A protest that prevents campus speakers from communicating with their audience is a coercive act.

No group of professors or students has the right to act as final arbiter of the opinions that students may entertain.

No group of professors or students has the right to determine for the entire community that a question is closed for discussion.

The purpose of college is not to make faculty or students comfortable in their opinions and prejudices.

The purpose of education is not the promotion of any particular political or social agenda.

The primary purpose of higher education is the cultivation of the mind, thus allowing for intelligence to do the hard work of assimilating and sorting information and drawing rational conclusions.

A good education produces modesty with respect to our own intellectual powers and opinions as well as openness to considering contrary views.

All our students possess the strength, in head and in heart, to consider and evaluate challenging opinions from every quarter.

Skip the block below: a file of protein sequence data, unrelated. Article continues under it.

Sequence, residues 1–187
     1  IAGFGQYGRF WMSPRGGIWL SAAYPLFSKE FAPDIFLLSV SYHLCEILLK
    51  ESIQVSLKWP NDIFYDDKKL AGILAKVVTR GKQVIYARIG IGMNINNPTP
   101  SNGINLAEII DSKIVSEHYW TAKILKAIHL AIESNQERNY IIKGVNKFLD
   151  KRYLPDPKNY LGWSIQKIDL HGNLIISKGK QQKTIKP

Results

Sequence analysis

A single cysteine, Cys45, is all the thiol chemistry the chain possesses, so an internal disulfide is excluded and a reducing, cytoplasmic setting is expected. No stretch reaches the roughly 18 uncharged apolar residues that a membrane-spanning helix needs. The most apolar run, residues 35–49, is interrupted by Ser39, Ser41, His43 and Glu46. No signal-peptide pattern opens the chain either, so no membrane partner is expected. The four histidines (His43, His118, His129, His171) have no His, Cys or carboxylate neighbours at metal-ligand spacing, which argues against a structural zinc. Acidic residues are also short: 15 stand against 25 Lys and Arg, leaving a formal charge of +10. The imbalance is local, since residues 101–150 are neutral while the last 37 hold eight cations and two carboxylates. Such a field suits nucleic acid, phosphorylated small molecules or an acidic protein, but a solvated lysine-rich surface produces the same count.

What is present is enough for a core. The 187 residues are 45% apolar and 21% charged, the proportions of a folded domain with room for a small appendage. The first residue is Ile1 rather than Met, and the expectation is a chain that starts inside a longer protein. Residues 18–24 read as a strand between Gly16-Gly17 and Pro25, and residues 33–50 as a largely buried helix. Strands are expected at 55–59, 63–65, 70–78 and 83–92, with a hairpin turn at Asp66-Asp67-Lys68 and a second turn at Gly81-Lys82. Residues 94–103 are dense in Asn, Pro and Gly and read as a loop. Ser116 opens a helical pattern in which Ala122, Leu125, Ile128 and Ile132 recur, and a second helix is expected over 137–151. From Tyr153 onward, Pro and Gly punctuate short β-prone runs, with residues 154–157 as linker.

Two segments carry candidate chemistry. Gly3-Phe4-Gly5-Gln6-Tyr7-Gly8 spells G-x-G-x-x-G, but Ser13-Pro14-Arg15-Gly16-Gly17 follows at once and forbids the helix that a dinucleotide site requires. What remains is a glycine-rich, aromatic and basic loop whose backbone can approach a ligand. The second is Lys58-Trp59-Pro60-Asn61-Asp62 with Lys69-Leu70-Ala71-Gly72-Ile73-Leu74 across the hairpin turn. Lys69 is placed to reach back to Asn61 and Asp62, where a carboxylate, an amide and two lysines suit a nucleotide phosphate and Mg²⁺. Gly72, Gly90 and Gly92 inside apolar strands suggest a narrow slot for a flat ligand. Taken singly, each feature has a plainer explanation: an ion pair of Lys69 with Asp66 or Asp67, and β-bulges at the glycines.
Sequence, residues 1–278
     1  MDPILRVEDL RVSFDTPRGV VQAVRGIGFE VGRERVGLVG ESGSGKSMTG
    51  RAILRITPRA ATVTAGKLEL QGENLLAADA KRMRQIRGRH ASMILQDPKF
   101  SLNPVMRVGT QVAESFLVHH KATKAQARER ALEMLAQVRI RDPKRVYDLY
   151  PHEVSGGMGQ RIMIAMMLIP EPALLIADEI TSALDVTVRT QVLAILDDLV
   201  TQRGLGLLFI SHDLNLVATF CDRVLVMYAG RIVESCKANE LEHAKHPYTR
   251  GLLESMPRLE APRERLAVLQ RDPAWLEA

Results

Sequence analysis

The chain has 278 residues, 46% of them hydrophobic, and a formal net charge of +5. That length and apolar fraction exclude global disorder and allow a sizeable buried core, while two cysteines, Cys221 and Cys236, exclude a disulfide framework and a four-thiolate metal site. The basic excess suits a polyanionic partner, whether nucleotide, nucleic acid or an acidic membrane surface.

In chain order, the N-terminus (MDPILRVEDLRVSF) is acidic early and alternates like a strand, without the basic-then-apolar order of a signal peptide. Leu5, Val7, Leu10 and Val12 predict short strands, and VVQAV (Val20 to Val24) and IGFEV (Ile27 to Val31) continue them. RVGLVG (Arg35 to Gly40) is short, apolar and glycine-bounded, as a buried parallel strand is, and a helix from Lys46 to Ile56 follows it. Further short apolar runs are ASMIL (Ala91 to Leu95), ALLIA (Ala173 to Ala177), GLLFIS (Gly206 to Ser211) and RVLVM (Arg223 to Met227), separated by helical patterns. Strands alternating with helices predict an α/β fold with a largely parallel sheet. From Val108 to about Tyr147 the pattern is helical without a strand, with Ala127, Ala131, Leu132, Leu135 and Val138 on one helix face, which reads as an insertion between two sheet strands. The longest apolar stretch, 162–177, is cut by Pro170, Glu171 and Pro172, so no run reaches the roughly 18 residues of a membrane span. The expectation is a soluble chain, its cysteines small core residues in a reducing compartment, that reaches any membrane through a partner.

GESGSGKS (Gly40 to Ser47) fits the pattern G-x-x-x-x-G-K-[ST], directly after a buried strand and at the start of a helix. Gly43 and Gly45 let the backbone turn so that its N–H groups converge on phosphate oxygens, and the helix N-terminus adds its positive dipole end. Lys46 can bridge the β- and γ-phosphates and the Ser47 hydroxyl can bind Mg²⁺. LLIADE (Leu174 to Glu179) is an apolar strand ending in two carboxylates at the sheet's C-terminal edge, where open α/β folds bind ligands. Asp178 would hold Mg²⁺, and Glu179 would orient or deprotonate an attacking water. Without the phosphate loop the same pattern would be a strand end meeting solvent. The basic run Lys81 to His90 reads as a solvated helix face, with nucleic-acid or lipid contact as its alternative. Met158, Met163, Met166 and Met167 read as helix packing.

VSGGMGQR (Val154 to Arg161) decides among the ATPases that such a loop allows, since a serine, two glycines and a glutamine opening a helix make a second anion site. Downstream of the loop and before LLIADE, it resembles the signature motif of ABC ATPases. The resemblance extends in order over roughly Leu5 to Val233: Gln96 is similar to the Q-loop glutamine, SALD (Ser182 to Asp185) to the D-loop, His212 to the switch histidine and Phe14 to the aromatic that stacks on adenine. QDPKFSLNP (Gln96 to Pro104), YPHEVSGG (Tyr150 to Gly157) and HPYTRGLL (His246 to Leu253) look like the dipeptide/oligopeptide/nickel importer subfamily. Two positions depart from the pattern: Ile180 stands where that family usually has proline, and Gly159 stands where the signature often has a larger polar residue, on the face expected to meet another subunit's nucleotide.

We are steadfast in our purpose to provide all current and future students an education on this model, and we encourage our colleagues at colleges across the country to do the same.

***

The list of signatories is available at FreeInquiryBlog.wordpress.com.

Mr. Parini is a professor of English and Mr. Callanan a professor of political science at Middlebury College.

Copyright ©2017 Dow Jones & Company, Inc. All Rights Reserved.

How Do You Judge America

I invite you watch this video by Dennis Prager. 

Have you seen such arguments before? If not, what is your reaction to this analysis by Prager?

Click on the image below to watch.

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Don Johnson – March 2017